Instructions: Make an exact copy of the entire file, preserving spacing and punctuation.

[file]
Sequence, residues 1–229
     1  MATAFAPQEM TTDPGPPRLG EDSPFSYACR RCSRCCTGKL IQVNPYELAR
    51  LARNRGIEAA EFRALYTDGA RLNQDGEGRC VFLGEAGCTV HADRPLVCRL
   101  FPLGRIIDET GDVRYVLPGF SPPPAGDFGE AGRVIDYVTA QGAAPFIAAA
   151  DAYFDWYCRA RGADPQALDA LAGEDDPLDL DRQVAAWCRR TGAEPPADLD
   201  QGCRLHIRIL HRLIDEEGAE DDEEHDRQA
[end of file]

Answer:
Sequence, residues 1–229
     1  MATAFAPQEM TTDPGPPRLG EDSPFSYACR RCSRCCTGKL IQVNPYELAR
    51  LARNRGIEAA EFRALYTDGA RLNQDGEGRC VFLGEAGCTV HADRPLVCRL
   101  FPLGRIIDET GDVRYVLPGF SPPPAGDFGE AGRVIDYVTA QGAAPFIAAA
   151  DAYFDWYCRA RGADPQALDA LAGEDDPLDL DRQVAAWCRR TGAEPPADLD
   201  QGCRLHIRIL HRLIDEEGAE DDEEHDRQA